I've now harvested almost all my broad bean seed. I planted nine varieties, some of which had already crossed, and let them hybridise. I'll grow out the seed next year and see where I've got to. The aim is to produce a grex (variable variety) with red flowers and red, or 'black', seeds.

 I planted five longpods; Aquadulce, Red Epicure, with red seeds, Dumont's (a Californian mix), Fava Lunga Della Cascine from Italy, and Karmazyn, another red seeded variety from Russia. None of them did particularly well, but the pods they did produce were full of beans. Red Epicure is now on the F3 generation. I've ben selecting for red seeds, and they don't look that different from the originals. The obvious difference is that the seeds are half the size of the originals. That could be down to soil or season, but I plant a lot of smaller seeded varieties, and they do better.



The Crimson Flowered Bean is an old one, aparently identical to the Red Blossomed Bean described in 1831, and probably older. It was originally very variable in colour, and Robinson's Seeds sell an apparently unselected strain. Real Seeds are working on a sport with chocolate coloured flowers. This may not be quite so surprising, given that there are 'black' (deep brown) beans. I have some in the freezer waiting to be grown out. It produces lot of small pods, with plenty of beans when it does well. This is the first time I've had any success with it.

Oldambster Wierboon,  a Dutch variety, has pure white flowers. It grew well, but cropped very lightly. 

Kaulion Valkea, from Finland, did well, as did Wizard, a very reliable variety from Real Seeds which crops a little later than the others. Both have masses of small pods and small beans.

I'm now trying Luz do Otono, a day length neutral longpod from Spain. in a mild autumn, it's supposed to prodice a November crop from a July sowing. It's not doing well at the moment. Whatever it does or doesn't manage, I'll add it to the mix next spring. Meanwhile, I've got little jars of bean seeds everywhere. That's one drawback of plant breeding; you have to save a lot more seed.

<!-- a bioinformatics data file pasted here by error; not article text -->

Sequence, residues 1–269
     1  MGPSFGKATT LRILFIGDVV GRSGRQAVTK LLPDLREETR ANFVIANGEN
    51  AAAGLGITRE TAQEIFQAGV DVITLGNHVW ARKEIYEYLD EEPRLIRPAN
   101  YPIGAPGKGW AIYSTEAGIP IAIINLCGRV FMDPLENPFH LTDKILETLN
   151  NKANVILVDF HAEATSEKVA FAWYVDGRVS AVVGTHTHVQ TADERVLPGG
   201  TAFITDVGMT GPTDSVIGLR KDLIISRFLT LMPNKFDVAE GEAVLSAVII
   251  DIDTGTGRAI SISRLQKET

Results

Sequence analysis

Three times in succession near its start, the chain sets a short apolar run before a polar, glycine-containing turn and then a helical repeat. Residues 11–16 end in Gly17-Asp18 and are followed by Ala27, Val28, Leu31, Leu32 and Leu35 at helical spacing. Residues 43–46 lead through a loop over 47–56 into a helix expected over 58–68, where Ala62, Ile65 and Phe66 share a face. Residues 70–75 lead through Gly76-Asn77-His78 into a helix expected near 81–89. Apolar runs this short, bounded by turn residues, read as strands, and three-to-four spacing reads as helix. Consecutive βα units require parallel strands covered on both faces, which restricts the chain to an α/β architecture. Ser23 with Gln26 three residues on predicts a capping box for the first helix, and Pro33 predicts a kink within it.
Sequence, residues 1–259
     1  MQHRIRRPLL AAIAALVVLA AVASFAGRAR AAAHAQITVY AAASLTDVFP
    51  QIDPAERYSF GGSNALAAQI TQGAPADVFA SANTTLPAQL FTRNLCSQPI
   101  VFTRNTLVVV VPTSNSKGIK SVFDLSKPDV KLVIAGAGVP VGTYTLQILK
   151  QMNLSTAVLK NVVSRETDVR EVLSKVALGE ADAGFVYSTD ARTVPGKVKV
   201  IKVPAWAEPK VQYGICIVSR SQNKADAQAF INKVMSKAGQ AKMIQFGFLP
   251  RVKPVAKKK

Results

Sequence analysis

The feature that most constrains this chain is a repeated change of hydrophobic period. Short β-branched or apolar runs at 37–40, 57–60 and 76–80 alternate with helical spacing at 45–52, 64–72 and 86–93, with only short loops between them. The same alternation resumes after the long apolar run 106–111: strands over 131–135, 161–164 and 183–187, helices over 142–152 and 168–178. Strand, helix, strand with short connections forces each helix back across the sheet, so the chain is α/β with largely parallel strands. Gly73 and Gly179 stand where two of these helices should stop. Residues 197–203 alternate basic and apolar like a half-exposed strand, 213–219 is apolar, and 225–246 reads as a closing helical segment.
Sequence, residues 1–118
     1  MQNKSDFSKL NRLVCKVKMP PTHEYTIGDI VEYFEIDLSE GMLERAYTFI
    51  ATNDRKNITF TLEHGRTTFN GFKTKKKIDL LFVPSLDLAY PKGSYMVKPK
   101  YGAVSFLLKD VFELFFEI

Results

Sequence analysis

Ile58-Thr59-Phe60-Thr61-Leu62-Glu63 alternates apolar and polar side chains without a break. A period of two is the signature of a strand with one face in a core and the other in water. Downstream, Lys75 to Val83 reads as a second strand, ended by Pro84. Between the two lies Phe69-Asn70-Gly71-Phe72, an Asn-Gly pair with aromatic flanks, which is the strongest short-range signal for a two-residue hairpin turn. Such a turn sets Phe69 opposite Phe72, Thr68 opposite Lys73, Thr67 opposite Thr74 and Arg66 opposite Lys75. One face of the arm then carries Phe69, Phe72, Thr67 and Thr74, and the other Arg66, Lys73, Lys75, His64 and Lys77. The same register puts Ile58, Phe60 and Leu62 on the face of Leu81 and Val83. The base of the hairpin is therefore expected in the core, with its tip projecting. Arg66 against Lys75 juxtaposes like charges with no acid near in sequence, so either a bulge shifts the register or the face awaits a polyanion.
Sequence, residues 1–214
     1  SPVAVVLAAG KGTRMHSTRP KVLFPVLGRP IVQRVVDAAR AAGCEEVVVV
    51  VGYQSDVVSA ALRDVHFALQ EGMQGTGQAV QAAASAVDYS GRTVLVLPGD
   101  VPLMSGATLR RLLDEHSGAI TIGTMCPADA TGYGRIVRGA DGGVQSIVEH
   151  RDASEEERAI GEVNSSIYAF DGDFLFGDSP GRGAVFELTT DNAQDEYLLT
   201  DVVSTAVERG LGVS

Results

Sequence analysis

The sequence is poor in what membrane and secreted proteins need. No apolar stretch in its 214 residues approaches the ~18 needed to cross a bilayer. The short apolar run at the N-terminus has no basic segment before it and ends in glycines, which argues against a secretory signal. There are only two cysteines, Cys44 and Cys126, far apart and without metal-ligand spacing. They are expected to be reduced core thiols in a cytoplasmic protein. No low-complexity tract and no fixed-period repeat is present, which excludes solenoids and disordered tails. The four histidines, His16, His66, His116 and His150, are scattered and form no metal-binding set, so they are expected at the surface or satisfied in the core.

Friday, 2 August 2013

Settling in


I had a bad attack of migraine last night and didn't manage to write. but I checked both hives yesterday. They're looking good. Both have plenty of worker brood, at various stages of development, eggs, and lively-looking queens. Hive 2 has two frames of brood, and Hive 6 has four. Hive two has a supersedure cell.

Swarms are sometimes headed by old queens which are past their best, and it's not too surprising that the workers are trying to replace her. However, this is a bad moment, as I have no drones. The weather has been ideal for large-scale drone assemblies to form, but from what I've seen, the vast majority of queens mate close to home. I've never had one mate successfully unless I had the drones myself. I'd be much happier if they kept the old queen. Bees usually know what they're doing, far better than beekeepers, though, so I'm leaving them to it.


 The rat-tailed radishes are now triffid-like, and sprawling all over everything. Apparently you harvest them when they're about 5mm thick. They're nice and peppery, but are going to be fiddly to deal with. 


The runner beans are now in full flower; the French beans are well behind despite being planted at the same time. There are three varieties here; Black Magic, Mrs Cannell's Black and Black Pod. I'm going to let them cross and see what I end up with.

Meanwhile the broad beans are well developed, and I need to harvest what I want ASAP, if I can just bend down to get at them! A few weeks more and I'll be harvesting for seed. Then I can build some more raised beds in that space. I've already treated the planks.

The day length neutral broad beans are up, and looking a bit wilted in the heat. I'm waiting to see how they get on; if they don't do well, no matter. They'll just go into the mix next year.

I'm harvesting peas for seed, and I've lifted onions and garlic. They're no good, but the shallotts are by far the best I've ever had. I've never been able to grow them at ground level, but they thrived in a raised bed. If my back would just recover from whatever I did to it, there's loads to get on with.